Central Water Commission (CWC) measures and monitors water level at 700 hundred Flood Forecasting site in the country. It publishes this information on its Flood Forecast website[I]. The website has three ways to get this information: Data Flow Map, List Based Exploration, and Hydrograph view. The Hydrograph view provides information for past 72 hours, supposed to be updated every hour. This is in addition to the list of current forecasts.
As per the website the Data Flow Map has information about 226 Flood Forecast Sites in the country comprising of 166 Level Forecast Sites and 60 Inflow Forecast Sites. It also monitors 700 Flood sites, information made available through List Based Exploration and Hydrograph View.
In order to better understanding the CWC’s flood monitoring and forecasting work, in this article we have given state wise list of CWC’s Level Forecast, Inflow Forecast and level monitoring sites in North East India. For better understanding, we have also included part of West Bengal that is in Brahmaputra basin here, in addition to the 8 North Eastern states. Similar report has been published for North India[II] and we hope to publish reports covering other regions of India too.
Continue reading “Overview of CWC’s Flood Forecasting Sites 2018: North East India”
From left Arti Kumar Rao, winner of first ever Anupam Misra Memorial Award, Mahavir Singh Sukarlai, of Prayavaran Kisan Sanghrash Samiti, Pali; Winner of BPS 2017 in individual category and S. Ramachandran and Eby Emmaunuel of Meenachil Nadee Samrakshana Samithi, Kerala; Winner of BPS 2017 in organization category.
The eventful India Rivers Day (IRD) has just concluded. It was held on 25 November 2017 at INTACH Delhi office. The theme for this year was ‘Rivers in the Urban Context’. An exhibition on the issue is open till December 01, 2017. https://sandrp.wordpress.com/2017/11/26/exhibition-on-indias-urban-rivers-at-india-rivers-day-2017/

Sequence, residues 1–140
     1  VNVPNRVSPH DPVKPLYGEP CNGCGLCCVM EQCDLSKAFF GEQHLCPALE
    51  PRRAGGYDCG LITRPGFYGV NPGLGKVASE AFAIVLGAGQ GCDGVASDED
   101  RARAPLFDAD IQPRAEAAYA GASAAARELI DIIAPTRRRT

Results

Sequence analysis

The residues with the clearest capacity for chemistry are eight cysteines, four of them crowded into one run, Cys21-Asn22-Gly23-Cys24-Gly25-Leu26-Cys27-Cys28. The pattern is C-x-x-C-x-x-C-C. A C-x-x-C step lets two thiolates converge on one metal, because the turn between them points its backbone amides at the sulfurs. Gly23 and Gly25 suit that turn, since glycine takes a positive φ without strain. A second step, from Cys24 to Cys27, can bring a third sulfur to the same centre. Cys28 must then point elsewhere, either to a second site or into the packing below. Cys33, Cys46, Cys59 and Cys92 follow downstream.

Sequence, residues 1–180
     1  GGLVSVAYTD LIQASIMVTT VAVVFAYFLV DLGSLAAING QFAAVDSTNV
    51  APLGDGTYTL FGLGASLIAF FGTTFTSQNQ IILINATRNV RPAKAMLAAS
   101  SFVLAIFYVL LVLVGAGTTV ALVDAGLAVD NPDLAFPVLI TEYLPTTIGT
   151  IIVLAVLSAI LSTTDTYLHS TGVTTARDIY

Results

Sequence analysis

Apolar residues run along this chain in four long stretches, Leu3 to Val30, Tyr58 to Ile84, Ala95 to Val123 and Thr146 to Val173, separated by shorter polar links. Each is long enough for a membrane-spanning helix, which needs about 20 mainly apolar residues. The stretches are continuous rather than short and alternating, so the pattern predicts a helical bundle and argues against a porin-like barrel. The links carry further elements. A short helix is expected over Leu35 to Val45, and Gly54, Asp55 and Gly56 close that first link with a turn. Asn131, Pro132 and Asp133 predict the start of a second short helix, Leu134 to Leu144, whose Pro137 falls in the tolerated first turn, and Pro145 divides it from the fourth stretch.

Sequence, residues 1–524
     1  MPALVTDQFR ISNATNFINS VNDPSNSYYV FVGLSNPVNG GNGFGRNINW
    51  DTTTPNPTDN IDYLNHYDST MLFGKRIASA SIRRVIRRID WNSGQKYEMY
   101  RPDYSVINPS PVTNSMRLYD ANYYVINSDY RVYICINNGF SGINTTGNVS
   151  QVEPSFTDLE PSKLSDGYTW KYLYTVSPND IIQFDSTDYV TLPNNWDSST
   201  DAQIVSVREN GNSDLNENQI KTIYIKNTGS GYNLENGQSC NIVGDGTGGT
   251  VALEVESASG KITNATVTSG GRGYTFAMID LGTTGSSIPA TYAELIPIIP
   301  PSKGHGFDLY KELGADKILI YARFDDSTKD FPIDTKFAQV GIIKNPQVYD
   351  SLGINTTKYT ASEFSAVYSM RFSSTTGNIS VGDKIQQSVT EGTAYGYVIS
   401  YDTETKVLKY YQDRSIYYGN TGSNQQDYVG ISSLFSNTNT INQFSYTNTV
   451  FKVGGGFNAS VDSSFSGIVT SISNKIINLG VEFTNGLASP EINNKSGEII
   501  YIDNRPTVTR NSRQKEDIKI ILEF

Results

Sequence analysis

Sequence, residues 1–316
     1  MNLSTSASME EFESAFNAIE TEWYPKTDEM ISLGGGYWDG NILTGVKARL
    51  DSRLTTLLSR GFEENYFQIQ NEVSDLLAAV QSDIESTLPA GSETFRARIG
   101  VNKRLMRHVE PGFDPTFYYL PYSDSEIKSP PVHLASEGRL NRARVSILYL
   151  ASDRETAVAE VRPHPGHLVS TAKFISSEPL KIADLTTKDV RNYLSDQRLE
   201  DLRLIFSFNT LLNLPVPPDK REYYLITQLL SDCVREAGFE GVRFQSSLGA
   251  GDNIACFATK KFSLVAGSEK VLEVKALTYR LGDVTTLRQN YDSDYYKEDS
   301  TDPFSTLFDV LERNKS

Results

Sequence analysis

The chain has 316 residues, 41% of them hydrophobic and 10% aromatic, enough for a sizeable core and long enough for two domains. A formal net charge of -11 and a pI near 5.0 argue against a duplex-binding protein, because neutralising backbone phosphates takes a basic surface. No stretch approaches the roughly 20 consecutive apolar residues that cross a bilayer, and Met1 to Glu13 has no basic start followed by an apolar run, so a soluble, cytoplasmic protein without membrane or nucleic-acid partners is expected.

The program started with the welcome address by Manoj Misra. It was followed by an introductory speech on the theme by Himanshu Thakkar of SANDRP in which he described the deteriorating relationships between urban rivers and citizens and how urban areas are treating their rivers as parasite.
In the key note address by Dr. Ravi Chopra of PSI threw light on the lost, ignored and abused rivers in Delhi, Mumbai, Dehradun and Chennai.
Continue reading “DRP News Bulletin 27 November 2017 (India Rivers Day 2017: There Is Hope For Restoring Urban Rivers)”
The profusion of rivers in the northeast India is simply unparalleled. There two major rivers Brahmaputra and Barak have been joined by tributaries in abundance – small and big, the bigger tributaries often surpassing some prime main stem rivers of other states of the country.
Interestingly, both Brahmaputra and Barak, after flowing through the length of the state, merges with other rivers at Bangladesh, to finally fall into the Bay of Bengal. On the other hands, both the rivers, notwithstanding their accompanying hydro disasters in the corresponding Brahmaputra valley and the Barak valley (also known as Surma valley) during monsoon, makes the floodplains fertile by the endowment of fine nutrient laden silt load.
Continue reading “North-East India Rivers Profile (Brahmaputra Basin)”